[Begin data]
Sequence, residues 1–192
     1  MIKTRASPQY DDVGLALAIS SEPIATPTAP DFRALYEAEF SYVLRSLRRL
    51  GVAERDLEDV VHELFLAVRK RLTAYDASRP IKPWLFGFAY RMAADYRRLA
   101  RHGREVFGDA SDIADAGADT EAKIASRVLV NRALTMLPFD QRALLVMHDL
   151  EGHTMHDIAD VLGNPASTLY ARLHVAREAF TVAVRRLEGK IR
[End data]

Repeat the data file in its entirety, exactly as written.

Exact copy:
Sequence, residues 1–192
     1  MIKTRASPQY DDVGLALAIS SEPIATPTAP DFRALYEAEF SYVLRSLRRL
    51  GVAERDLEDV VHELFLAVRK RLTAYDASRP IKPWLFGFAY RMAADYRRLA
   101  RHGREVFGDA SDIADAGADT EAKIASRVLV NRALTMLPFD QRALLVMHDL
   151  EGHTMHDIAD VLGNPASTLY ARLHVAREAF TVAVRRLEGK IR